Before the age of 2, you learnt 26 letters in order and could recall them by sight and in order if needed. You could do this because you learned the material in a very smart way, a way that you should be learning your material now, but have forgotten.
Watch the video to see how.
We learn new information via 3 main ways:
2) Auditory (hearing)
3) Kinaesthetic (using our hands)
When you learned the alphabet, you did so by learning it in many ways over these three methods (painting, drawing them in sand, visually seeing models, watching TV which also had music, painting etc).
As described in the video, you can see that they way your brain most likely likes to learn is by:
- Processing visual information (usually in the middle of field)……………. not left to right in rows
- Using colour…………. not all one colour (black or blue like your pens)
What does this mean?
You must change the way you take notes. No longer should your notes be predominately in one colour, written left to right across the page with little organisation, heading, pictures etc They should have:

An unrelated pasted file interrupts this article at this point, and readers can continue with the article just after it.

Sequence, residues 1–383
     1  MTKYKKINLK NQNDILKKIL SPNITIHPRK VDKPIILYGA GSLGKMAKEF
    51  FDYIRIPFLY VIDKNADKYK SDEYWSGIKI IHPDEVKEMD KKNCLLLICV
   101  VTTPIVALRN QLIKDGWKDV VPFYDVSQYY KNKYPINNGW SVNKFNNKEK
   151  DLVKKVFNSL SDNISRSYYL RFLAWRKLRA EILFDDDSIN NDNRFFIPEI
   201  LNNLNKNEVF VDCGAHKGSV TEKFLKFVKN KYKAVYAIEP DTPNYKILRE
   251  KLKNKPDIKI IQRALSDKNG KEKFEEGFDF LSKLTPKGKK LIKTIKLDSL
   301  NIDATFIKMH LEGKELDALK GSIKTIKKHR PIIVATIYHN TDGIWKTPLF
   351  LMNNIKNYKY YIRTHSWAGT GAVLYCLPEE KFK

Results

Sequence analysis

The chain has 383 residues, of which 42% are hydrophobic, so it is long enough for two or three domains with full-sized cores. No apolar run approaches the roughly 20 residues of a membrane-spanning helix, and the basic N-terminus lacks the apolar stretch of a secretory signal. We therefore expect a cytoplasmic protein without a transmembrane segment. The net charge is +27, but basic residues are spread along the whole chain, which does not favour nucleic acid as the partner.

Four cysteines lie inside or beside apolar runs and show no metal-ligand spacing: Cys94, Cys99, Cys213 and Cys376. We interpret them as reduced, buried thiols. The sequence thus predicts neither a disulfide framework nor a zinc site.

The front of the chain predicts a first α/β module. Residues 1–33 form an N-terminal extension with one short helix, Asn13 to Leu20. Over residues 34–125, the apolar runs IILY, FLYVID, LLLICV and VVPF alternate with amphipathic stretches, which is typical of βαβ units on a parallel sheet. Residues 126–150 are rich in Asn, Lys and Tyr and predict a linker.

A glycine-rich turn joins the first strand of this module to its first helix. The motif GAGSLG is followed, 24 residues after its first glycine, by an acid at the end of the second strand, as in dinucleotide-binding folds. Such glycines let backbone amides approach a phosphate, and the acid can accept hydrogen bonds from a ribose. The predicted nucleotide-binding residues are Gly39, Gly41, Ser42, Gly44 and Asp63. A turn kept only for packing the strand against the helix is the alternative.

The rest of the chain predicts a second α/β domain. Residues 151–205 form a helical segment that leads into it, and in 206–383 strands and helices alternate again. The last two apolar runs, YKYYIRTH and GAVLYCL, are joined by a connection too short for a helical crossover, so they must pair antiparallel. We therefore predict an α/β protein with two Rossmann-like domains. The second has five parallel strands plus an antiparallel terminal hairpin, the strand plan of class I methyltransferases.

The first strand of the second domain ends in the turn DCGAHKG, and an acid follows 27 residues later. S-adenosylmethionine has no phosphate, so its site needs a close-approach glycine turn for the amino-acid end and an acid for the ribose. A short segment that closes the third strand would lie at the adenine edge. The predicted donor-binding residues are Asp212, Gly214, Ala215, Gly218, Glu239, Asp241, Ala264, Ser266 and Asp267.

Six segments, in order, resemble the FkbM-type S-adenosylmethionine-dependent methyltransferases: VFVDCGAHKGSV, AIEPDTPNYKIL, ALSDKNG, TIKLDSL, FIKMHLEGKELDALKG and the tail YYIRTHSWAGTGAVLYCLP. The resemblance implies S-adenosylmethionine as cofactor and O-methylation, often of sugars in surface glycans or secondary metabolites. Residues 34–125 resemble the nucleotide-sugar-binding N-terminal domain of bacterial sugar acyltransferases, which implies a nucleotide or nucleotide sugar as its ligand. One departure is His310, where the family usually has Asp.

- colour (text, key terms)
- Flow diagrams, pictures
- Underlines, Symbols
All of these draw your eye to key ideas and things to remember, ask further questions etc. They become more ACTIVE and easier to remember, they spark further exploration of the material rather than just a ‘slab’ of text.
A popular method of note taking is called Cornell notes which I have adapted and illustrated below.
As you can see, they are more active, they get you to think about your notes, link them to new learning, find the meaning of terms you are unfamiliar with, link them to traditional homework (learning Preparation), make flash cards from etc.
The next phase would be how you review these notes and how often. Please check the posts that examine these as a study program looks at many aspects of learning. Just like a sports person examines and makes changes too many aspects of their performance (form, nutrition, training times etc), we too must make changes to different aspects of your study / learning workflow.
Your in education,
Mr Darin Carr